Published Apr 2011
‘May God forgive us for our sorry deeds and for our glorious intentions.’
So wrote Hugh Clifford, while he was acting governor of Trinidad, in 1904.
What did it take to govern a colony of the British Empire as it rose to its height in the late nineteenth century? What were the governors like? How were they chosen? Catapulted into running a district or even a country of which they knew nothing, how were they controlled from London, thousands of miles away, in the days when communication over land and sea took weeks? What thoughts went through the minds of these men, so far away from home?
This is a book about ordinary men and women, with no training, set down in strange places, among strange peoples, facing unimaginable circumstances. Some started wars; others fought disease, in justice and slavery. From Fiji to the Falkland Islands, from Malaysia to Australia and South Africa, from Lagos to Ottawa, here is a glorious kaleidoscope of people, places and events.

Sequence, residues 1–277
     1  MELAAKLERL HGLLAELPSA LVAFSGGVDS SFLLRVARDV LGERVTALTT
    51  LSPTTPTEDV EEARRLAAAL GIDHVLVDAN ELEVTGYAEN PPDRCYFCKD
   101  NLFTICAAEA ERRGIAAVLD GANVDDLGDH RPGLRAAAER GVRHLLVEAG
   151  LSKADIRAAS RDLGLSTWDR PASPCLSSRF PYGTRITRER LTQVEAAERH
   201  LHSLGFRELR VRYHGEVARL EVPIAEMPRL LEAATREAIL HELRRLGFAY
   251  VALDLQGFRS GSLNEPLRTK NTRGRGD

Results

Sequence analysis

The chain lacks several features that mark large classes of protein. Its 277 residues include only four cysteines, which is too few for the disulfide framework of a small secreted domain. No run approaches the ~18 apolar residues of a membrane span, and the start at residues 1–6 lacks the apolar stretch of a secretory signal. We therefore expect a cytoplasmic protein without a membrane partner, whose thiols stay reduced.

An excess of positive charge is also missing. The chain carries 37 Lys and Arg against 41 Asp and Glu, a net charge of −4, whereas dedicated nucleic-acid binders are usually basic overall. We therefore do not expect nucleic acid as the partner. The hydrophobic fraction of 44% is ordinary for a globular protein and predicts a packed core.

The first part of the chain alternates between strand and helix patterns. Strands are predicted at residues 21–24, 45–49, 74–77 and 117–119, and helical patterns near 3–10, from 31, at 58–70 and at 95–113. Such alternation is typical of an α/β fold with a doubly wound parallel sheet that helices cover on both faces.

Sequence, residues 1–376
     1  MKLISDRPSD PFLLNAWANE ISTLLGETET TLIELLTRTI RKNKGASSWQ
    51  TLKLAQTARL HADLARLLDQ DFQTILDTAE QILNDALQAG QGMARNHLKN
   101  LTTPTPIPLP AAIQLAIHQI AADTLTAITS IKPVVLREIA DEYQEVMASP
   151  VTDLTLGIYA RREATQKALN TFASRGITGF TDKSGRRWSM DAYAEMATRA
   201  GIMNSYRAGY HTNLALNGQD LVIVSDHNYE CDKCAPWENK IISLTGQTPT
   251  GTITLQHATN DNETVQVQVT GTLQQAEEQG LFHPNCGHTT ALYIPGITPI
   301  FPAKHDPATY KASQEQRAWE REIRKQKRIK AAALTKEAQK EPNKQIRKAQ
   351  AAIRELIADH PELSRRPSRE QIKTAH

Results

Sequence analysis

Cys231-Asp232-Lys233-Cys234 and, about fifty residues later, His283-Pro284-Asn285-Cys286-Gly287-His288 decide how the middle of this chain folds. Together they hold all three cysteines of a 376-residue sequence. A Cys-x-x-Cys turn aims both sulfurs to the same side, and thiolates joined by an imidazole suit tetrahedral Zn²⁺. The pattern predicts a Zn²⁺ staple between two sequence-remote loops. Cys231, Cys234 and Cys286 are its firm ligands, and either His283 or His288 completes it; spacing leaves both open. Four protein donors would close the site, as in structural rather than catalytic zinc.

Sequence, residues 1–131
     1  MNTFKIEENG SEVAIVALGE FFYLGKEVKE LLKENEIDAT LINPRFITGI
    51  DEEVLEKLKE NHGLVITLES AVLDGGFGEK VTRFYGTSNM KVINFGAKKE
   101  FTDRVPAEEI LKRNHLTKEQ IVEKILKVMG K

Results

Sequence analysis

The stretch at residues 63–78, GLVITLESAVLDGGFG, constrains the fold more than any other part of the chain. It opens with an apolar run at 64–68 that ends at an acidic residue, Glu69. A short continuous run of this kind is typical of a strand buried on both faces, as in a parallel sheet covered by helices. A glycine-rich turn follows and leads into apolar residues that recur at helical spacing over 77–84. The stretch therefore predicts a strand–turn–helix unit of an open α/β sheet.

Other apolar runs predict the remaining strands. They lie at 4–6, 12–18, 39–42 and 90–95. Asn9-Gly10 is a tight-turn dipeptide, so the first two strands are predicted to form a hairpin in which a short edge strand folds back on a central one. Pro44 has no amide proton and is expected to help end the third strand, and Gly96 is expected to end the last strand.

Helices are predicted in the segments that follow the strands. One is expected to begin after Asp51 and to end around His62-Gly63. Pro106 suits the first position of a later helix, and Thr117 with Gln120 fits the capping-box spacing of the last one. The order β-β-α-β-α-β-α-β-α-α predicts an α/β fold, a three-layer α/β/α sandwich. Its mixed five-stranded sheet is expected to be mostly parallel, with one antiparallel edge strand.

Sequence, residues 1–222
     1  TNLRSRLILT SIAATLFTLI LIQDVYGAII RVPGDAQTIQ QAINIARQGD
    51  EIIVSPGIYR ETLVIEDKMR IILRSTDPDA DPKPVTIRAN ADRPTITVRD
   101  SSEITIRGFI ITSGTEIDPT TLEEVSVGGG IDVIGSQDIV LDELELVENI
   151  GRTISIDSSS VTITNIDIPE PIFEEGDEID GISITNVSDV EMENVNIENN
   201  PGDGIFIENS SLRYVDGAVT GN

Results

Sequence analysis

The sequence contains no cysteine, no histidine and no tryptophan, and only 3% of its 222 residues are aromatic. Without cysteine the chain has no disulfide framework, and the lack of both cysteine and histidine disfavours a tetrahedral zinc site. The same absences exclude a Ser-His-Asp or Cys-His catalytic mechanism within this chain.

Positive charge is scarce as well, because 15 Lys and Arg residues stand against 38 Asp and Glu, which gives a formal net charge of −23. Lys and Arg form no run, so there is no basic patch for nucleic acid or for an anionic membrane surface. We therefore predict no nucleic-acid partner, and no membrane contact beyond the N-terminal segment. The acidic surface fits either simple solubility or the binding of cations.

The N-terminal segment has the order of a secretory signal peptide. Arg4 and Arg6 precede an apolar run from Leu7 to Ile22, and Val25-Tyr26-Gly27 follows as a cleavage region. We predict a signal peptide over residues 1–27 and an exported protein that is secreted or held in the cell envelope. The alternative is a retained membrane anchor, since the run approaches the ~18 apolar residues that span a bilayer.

Running the Show draws on a vast range of unpublished sources, from Colonial Office dispatches to private letters, diaries and memoirs, and reveals the day-to-day lives, obsessions, eccentricities, griefs and triumphs of governors at the height of the empire and their attempts to order the territories in their charge.
Governors of British colonies were pioneers of globalization. The decisions they made shaped the world we live in today.